Information contained in this publication is intended for informational purposes only and does not constitute legal advice or opinion, nor is it a substitute for the professional judgment of an attorney.
After the tortuous appellate process that finally resulted in the seminal California Supreme Court Brinker Restaurant Corporation1 decision defining the legal duty to provide a meal period and authorize rest breaks, you might have thought the battle was over, at least for Brinker Restaurants. You would be wrong. That was just Round One. In Round Two, last week San Diego County Superior Court judge William Dato addressed the question the California Supreme Court did not decide during the multi-year appellate process: whether a class should be certified to litigate whether meal periods were "provided" to thousands of employees of restaurants owned and operated by Brinker throughout California. While the California Supreme Court decision was widely viewed as a victory for employers on the meal break requirement under California law, last week's decision gave the green light to employees to continue this now nine-year fight as a class action to seek premium pay, penalties and possibly injunctive relief from their employer for failure to provide meal and rest breaks.
Meal and Rest Period Rules
To briefly review how we got to this point: California law requires that employers provide employees with at least one 30-minute off-duty meal period if the employee works at least five hours in the day, although the employee can waive that meal period if the shift lasts no more than six hours. If the employee works at least 10 hours in a day, a second meal period must be provided, although the second meal period can also be waived under certain circumstances. If the requisite meal periods are not provided to non-exempt employees, the employer must pay the employee not only for the time worked, but also an additional one hour of "premium pay." The Labor Code and the Wage Orders do not, however, define the meaning of "provide."
In Round One, the plaintiffs argued that the term "provide" required an employer to ensure that each employee actually stopped working for 30 minutes. The California Supreme Court disagreed, finding instead that the employer's duty was more limited: "to relieve its employee[s] of all duty, with the employee thereafter at liberty to use the meal period for whatever purpose he or she desires, but the employer need not ensure that no work is done." If an employee is relieved of all duty but chooses instead to work during the 30-minute meal period, the employer would not be liable for premium pay, but would be required to pay for the time worked if it knew, or should have known, that the employee worked during the meal break.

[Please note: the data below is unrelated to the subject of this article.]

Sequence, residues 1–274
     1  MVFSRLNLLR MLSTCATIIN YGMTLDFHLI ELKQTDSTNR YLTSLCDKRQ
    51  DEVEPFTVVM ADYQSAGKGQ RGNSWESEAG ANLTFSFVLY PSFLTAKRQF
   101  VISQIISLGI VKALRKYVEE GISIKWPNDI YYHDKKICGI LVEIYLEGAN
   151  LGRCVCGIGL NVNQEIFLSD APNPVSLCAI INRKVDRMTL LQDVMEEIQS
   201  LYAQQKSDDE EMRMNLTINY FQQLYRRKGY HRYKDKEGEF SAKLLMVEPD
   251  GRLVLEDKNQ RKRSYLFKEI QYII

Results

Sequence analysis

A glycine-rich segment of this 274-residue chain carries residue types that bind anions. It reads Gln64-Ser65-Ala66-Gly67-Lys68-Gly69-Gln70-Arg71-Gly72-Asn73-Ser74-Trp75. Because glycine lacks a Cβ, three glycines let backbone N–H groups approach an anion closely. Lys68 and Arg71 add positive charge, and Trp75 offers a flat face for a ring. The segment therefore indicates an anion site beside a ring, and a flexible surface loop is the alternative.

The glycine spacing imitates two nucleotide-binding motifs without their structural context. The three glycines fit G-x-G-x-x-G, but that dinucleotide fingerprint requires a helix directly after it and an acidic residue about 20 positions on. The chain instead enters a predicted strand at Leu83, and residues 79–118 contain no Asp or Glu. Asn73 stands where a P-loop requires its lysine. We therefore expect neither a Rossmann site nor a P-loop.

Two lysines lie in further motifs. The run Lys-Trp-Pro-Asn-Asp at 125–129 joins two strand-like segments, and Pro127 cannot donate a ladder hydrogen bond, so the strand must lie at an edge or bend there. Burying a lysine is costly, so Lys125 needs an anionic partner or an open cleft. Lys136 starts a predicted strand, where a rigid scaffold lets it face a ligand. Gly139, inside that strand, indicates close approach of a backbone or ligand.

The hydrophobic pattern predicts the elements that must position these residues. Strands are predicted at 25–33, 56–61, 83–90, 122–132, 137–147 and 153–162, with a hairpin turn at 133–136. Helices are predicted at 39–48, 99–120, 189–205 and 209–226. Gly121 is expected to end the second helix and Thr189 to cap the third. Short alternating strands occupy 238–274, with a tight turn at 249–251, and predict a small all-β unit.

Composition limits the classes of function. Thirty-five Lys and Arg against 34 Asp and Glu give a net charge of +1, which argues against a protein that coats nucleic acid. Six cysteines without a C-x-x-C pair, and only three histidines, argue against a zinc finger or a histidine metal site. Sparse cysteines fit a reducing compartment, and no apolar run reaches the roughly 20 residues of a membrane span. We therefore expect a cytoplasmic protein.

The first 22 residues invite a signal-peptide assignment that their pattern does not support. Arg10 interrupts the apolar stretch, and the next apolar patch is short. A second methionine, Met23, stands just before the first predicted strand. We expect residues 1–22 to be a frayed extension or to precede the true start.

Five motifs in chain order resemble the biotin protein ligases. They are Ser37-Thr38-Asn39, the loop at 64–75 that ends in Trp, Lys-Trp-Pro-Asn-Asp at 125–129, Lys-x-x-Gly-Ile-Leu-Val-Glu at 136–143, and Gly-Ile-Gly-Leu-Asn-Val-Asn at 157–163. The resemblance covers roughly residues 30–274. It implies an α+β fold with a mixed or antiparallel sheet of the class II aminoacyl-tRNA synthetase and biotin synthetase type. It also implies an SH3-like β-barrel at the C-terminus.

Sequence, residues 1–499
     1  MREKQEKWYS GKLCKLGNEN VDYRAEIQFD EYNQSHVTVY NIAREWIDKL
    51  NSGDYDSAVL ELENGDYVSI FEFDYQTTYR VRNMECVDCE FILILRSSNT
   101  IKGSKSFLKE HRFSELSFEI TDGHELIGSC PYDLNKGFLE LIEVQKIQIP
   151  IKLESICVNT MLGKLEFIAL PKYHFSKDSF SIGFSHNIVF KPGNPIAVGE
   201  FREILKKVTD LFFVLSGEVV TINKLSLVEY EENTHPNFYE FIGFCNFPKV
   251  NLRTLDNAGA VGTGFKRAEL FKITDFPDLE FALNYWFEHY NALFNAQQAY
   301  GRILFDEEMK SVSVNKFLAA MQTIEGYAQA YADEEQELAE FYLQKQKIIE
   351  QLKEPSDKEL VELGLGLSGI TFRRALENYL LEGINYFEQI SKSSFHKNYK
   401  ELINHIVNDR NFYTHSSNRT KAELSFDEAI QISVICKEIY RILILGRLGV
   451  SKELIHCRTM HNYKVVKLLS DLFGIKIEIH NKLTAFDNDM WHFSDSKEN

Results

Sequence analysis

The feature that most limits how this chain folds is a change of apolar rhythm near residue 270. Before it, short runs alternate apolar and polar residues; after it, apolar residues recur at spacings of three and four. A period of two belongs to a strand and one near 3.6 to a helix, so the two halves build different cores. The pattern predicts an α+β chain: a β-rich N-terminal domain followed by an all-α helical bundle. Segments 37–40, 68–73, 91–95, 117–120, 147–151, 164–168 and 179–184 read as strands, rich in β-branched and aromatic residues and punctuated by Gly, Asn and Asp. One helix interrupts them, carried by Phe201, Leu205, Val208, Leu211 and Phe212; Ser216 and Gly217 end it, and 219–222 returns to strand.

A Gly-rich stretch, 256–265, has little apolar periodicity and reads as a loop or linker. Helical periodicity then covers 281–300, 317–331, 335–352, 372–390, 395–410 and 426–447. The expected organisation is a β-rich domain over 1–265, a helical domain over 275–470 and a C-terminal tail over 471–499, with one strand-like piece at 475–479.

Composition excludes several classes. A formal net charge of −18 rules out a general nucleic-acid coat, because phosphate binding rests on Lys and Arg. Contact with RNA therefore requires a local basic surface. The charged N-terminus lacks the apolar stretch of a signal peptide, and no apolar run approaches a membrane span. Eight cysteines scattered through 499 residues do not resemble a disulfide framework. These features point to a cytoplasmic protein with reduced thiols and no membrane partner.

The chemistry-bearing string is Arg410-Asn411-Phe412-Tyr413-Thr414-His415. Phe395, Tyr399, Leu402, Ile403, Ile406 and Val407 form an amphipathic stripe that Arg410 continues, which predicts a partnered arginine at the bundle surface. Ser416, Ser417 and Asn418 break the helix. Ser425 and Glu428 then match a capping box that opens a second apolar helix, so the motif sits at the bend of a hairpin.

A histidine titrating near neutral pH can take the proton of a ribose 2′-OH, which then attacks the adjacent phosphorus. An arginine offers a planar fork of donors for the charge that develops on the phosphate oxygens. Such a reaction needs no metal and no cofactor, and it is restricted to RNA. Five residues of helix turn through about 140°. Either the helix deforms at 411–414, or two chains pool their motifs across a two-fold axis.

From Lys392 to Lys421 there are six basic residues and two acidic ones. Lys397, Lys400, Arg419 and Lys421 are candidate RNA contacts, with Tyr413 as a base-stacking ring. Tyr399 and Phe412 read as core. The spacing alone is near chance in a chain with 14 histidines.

Regarding rest breaks, California law states simply that employers must "authorize and permit" employees to take a 10-minute rest break for each four hour period of work or "major fraction thereof." If a rest period is not permitted, non-exempt employees are entitled to one additional hour of premium pay.
In Round One, the Supreme Court surprised employers by holding that "employees are entitled to 10 minutes rest for shifts from three and one-half to six hours in length, 20 minutes for shifts of more than six hours up to 10 hours, 30 minutes for shifts of more than 10 hours up to 14 hours, and so on." Previously, many employers had provided a second rest break only after seven hours of work.
Meal Break Class Certification
As to class certification, the California Supreme Court decided the meal break class defined by plaintiffs was too broad because it included employees who, based on the definition of "provide" announced by the court, no longer had a claim against Brinker. Accordingly, the court did not decide the certification question but instead remanded the case and instructed the trial court to reconsider the issue in light of its guidance.
On remand, the plaintiffs filed a new motion for class certification. In Round Two, plaintiffs narrowed the class they sought to certify to include only those employees who were not provided with a 30-minute off-duty meal period and not compensated with one hour of premium pay when not provided with lawful meal periods (as opposed to all non-exempt employees). Using this class definition, the San Diego Superior Court examined whether plaintiffs' theories of liability could be established by class-wide proof. Plaintiffs asserted that Brinker's meal break policies were common to all class members and provided grounds for class certification on three issues: 1) whether Brinker's failure to adopt any written corporate meal period policy between October 2000 and 2002 was unlawful; 2) whether the written policy Brinker adopted in 2002 and modified following the California Supreme Court's decision was lawful; and 3) whether various company policies unlawfully impeded or discouraged employees from taking meal breaks.